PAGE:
Will road repairs ever come?

By Moses Leos III

Having grown up in Kyle for most of her life, resident Peggy Jansen has seen how rapid growth has placed a strain on city roads. 

But with conditions on Lehman and Bunton Creek roads continuing to deteriorate, Jansen and many others now wonder how much longer they’ll have to wait for relief. 

“Lehman Road used to be a bad road. That road is much better than Bunton. You can’t drive on [Bunton] without feeling like you will tear up your car,” Jansen said. “Bunton is truly impassable. It’s been like that for five years.” 

Kyle residents heard updates on the Lehman, Bunton Creek and Burleson road projects during a pair of public meetings on Nov. 19 and 20. All three fall within Kyle’s $36 million bond that approved by voters in 2013. 

According to Kyle City Engineer Leon Barba, Bunton Creek is approaching the 60 percent completion phase. Bunton Creek, which is to be a two- and three-lane thoroughfare, has an estimated cost that is “close to the authorized $5 million budget,” according to project manager Joann Garcia. 

In August, Barba presented a cost estimate with a $1.6 million overrun. 

Lehman Road, which will remain two lanes with a turn lane at several intersections, has an estimated cost of $6.86 million. Burleson Road is to be completed in three phases with an estimated cost of $8.2 million. 

But residents had concerns on the status of Bunton Creek. 

Kyle resident Daniel Ender, who lives along Lehman Road, has dealt with the uneven, often potholed street of Bunton Creek. Along with damage to cars, Enger said the road also poses a danger to motorists. 

“Sometimes you drive in the middle (of the street), and I’ve done this too, because you don’t want to damage your car, you drive in the middle until you see another car, and then you go back to the other side,” he said. “Someone can easily have a head-on collision that way.”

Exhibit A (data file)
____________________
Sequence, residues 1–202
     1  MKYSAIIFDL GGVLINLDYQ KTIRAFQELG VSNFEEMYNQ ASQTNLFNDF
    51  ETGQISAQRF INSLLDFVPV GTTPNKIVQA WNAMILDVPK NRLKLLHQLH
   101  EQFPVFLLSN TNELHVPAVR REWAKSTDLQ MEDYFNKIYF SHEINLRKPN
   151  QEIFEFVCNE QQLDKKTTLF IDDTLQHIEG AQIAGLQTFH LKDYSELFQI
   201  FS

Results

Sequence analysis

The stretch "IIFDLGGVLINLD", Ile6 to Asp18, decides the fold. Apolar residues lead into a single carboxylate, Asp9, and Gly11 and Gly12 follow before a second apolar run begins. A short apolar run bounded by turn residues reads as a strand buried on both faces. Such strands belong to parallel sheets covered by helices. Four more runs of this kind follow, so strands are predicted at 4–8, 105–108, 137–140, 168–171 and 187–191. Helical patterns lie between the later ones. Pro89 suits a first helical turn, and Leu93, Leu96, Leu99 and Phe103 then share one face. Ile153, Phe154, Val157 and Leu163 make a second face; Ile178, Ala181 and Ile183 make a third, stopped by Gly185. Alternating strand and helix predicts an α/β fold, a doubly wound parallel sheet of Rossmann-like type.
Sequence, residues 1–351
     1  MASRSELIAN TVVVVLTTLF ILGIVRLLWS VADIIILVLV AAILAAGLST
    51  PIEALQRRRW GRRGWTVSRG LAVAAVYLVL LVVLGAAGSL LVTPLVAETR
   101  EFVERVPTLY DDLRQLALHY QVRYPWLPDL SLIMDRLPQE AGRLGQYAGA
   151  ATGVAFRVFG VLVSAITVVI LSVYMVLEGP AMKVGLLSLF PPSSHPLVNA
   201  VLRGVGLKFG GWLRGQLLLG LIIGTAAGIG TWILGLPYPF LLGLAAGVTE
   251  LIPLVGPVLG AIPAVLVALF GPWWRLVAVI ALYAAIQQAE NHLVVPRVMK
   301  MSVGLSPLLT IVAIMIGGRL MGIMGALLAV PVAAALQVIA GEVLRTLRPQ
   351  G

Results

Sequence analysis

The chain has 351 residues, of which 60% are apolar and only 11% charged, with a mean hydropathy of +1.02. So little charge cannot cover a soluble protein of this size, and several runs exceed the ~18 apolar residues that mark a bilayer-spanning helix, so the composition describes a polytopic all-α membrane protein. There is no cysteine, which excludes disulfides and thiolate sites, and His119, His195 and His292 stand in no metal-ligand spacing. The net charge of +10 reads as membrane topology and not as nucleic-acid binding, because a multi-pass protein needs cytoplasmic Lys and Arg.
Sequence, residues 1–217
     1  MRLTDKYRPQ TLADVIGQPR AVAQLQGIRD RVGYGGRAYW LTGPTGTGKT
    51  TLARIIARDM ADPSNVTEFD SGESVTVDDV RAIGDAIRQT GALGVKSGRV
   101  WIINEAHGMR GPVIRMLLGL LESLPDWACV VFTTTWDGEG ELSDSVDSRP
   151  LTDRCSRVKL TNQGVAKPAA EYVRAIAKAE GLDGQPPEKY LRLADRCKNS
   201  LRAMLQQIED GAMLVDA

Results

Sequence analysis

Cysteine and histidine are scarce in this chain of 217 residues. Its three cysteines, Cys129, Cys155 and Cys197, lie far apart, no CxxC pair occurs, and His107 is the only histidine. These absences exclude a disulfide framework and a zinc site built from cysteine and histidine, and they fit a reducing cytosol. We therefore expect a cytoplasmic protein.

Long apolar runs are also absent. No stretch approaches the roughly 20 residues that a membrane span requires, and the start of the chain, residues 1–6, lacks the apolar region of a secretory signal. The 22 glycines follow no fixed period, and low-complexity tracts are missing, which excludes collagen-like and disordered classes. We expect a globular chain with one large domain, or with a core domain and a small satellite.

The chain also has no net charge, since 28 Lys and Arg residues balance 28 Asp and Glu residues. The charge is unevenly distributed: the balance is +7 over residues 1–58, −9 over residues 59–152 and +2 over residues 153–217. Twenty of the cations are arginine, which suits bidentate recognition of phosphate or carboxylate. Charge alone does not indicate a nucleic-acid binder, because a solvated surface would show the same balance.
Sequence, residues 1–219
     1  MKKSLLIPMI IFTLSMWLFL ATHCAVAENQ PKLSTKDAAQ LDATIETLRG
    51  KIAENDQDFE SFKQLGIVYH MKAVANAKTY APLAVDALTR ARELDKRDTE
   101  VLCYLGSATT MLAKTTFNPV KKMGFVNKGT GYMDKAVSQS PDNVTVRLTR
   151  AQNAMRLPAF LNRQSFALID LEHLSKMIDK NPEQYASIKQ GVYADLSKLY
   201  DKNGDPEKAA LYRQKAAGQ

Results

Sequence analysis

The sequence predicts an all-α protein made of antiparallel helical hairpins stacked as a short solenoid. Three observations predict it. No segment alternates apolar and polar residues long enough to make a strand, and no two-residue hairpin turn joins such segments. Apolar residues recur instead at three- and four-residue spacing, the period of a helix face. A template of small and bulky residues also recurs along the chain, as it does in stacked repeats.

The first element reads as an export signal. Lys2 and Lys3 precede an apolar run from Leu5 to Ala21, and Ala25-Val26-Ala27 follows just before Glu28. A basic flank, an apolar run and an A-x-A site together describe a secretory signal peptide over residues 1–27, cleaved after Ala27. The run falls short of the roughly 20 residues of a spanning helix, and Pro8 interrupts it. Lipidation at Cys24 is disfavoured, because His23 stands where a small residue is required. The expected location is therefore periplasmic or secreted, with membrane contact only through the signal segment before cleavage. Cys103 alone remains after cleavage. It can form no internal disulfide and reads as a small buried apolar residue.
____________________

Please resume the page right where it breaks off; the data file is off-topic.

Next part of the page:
Larry Jones, who lives in Bunton Creek Estates, has also seen 18-wheeler traffic damage the road. Jones said the city’s previous attempts to fix the road five years ago were “minimal.” 

“Bunton Road is worse than the Alaskan Highway was in 1974 when they had a gravel road,” Jones said. “They did a better job of repairing (that) gravel road than what the city of Kyle has done repairing Bunton.” 

Jones posed questions on how the city plans to maintain Bunton prior to construction.

Barba said discussions are in progress on solutions to maintain Bunton Creek. However, with the road undergoing a complete reconstruction, the city is hesitant to spend money on minor fixes. 

“We don’t want to spend a lot of money, but we have to make it safe and at the same time, we have to make it hold,” Barba said. 

For Jansen, who lives along Lehman Road, the time frame for both Lehman and Bunton Creek reconstructions were a concern. Lehman is slated to begin construction in 2016. 

But Barba said the process for planning roads is a complex process. Beginning with picking a consultant, the process involves a list of items prior to the construction phase. Examples include surveying, drainage assessments, environmental studies, alignment assessments, right-of-way acquisition and utility surveying. 

“If it was a brand new road, that’s a different story. But these are existing roadways,” Barba said. “They are difficult to deal with. That’s true of any city.” 

Jansen approved the plans to keep Lehman Road to two lanes. She said it means landowners living along the road wouldn’t be affected as much. 

But for Jones, the plan for Bunton may have “too many shortcuts.” In addition, he believes not all questions were answered by the city. 

“I believe this was to show what’s going on, but they weren’t prepared for the onslaught of questions, or answers to the solutions that exist,” he said. 

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